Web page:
Hurling insults and demeaning those who challenge you may look tough on television, but it is rarely an effective way to accomplish anything in the real world. Especially in a state or national capitol where compromise — no, this should not be a dirty word — is necessary to pass budgets and policy.
“We feel compelled to express our discomfort and dismay with the tone and spirit of some of the remarks [the governor] has made,” the group wrote. “Were these isolated incidents we would bite our collective tongues, because we are all human. But, unfortunately, such is not the case. We feel we must speak out.”
The group was spearheaded by Sens. Roger Katz of Augusta and Brian Langley of Ellsworth, both freshmen. Other signatories to the column are Nichi Farnham of Bangor, Chris Rector of Thomaston, Roger Sherman of Houlton, Thomas Martin of Benton, Tom Saviello of Wilton and Earle McCormick of West Gardiner.
They are to be commended for taking a stand against what they called “government by disrespect.”
Just days after taking office, Gov. LePage said opponents of his decision not to attend an NAACP event commemorating Martin Luther King day could “kiss my butt.”
In the midst of a debate over the possible dangers of bisphenol-A, a chemical used in plastics that many studies have linked to health problems, the governor said BPA was safe and the worst that could happen is that women would grow “little beards.”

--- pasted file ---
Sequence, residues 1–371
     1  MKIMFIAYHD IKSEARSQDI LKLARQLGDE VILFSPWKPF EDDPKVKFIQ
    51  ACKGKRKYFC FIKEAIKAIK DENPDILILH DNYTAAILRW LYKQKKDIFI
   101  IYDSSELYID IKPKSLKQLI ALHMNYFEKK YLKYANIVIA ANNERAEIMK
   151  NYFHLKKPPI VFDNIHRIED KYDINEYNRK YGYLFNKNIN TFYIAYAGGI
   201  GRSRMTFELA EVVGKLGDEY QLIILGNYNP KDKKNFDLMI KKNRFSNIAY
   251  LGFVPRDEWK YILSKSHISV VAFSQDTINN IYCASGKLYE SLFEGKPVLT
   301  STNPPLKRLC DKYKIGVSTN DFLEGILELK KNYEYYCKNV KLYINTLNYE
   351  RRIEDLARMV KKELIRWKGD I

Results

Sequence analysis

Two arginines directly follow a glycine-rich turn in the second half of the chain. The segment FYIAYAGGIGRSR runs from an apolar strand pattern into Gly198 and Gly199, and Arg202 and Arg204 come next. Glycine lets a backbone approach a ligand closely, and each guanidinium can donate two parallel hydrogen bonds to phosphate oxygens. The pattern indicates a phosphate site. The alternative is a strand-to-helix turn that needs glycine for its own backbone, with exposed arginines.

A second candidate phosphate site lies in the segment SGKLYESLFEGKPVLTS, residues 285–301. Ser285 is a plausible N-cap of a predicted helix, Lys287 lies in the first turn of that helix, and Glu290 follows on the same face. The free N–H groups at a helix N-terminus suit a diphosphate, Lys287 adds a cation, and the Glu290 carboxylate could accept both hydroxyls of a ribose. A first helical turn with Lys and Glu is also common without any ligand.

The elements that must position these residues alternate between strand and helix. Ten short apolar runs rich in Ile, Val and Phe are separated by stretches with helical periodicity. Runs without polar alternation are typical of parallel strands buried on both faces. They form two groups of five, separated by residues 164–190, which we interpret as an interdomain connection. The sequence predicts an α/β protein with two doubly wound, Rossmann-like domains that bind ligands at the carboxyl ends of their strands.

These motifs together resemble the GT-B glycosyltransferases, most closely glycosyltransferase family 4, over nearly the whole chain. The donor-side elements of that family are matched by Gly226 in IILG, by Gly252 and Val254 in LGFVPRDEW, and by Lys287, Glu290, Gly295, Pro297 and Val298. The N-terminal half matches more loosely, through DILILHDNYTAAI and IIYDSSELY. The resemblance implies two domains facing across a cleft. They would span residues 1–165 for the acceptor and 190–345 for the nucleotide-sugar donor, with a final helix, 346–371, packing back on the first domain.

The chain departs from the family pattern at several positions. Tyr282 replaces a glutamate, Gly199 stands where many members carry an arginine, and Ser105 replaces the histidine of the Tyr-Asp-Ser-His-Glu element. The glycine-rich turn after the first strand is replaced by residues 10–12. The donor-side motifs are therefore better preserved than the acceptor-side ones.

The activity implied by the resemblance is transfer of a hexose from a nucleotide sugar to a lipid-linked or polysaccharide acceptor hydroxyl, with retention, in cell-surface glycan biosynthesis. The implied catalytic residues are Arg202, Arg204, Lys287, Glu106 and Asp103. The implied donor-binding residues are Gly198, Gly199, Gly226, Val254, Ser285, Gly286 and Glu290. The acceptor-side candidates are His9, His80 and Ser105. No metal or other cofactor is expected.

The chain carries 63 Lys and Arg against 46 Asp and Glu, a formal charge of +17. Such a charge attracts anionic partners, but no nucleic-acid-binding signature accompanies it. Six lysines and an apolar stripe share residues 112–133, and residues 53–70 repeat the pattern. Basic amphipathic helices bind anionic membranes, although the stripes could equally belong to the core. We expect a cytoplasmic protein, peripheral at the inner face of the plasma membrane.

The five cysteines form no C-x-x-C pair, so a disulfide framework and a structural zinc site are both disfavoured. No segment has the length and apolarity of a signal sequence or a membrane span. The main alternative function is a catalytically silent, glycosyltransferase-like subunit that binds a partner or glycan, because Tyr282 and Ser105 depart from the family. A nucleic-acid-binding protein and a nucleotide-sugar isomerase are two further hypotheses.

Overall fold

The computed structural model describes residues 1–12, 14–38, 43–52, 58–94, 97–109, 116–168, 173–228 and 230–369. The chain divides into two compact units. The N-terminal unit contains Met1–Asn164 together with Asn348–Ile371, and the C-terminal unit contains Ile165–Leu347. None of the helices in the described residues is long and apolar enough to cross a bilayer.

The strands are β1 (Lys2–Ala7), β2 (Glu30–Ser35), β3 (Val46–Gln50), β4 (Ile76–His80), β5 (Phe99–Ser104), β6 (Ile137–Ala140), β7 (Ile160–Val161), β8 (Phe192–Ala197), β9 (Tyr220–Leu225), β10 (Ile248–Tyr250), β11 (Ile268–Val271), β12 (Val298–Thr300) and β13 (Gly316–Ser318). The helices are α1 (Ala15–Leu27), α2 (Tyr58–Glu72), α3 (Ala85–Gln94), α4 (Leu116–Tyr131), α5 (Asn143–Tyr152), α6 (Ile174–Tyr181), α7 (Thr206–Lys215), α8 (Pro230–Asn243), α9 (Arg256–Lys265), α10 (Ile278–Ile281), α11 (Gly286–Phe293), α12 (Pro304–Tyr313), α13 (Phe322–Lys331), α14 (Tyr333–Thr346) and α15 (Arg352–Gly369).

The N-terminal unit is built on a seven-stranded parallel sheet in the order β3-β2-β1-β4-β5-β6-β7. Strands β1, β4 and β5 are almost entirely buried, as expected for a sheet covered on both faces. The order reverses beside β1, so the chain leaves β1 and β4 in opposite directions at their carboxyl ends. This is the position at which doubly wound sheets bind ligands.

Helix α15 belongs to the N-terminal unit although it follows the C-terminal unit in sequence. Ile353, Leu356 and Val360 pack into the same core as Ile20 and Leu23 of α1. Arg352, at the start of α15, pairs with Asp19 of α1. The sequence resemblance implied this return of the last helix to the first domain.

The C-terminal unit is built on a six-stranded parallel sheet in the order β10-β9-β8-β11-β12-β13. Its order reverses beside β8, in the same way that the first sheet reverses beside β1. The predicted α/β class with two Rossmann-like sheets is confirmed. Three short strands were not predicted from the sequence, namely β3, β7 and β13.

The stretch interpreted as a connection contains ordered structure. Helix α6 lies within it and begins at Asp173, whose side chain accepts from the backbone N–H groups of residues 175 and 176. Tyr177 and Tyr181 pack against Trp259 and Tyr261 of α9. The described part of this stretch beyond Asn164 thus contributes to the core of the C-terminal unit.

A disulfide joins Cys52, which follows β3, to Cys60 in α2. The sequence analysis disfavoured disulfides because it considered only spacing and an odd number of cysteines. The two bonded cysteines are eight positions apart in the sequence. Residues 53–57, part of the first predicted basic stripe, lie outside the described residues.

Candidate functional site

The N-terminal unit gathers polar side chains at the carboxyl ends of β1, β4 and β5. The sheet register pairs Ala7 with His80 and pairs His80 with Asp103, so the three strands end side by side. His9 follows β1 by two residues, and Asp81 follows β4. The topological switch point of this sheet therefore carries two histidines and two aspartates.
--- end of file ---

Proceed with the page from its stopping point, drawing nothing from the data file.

Last month, he ordered the removal of a mural depicting the history of Maine’s labor movement from the Department of Labor, saying it was too one-sided. His office produced a note from a “secret admirer” as evidence of complaints about the mural. His office refuses to say where the mural is being stored.
As for protesters who said they’d form a human chain to protest the mural, Gov. LePage said: “I’d laugh at them,” Gov. LePage responded. “I’d laugh at them, the idiots.”
Within days, the governor was before the Legislature’s Republican caucus saying he’d start “zipping my mouth up and not offending them.”
The eight Republicans went a step further and rightly said the governor should stop the offensive comments altogether. “Belittling comments, whether they come from the governor or his opponents, have no place in Maine public life,” they wrote. “By demeaning others, the governor also discourages people from taking part in debating the issues of the day — worrying if not only their ideas, but they themselves as people, will be the subject of scorn.”
Their words echo those spoken by another Mainer who eloquently condemned the nasty rhetoric of post World War II Washington.
“I don’t want to see the Republican Party ride to political victory on the Four Horsemen of Calumny – Fear, Ignorance, Bigotry and Smear,” Margaret Chase Smith said in her famous “Declaration of Conscience” speech in 1950. “I don’t want to see the Republican Party win that way. While it might be a fleeting victory for the Republican Party, it would be a more lasting defeat for the American people.”
The goals of the Republican Party — fiscal discipline, policies that help businesses grow and prosper without sacrificing Maine’s environment, a stable and funded pension system, among them — are too important to be sidetracked by insults and threats.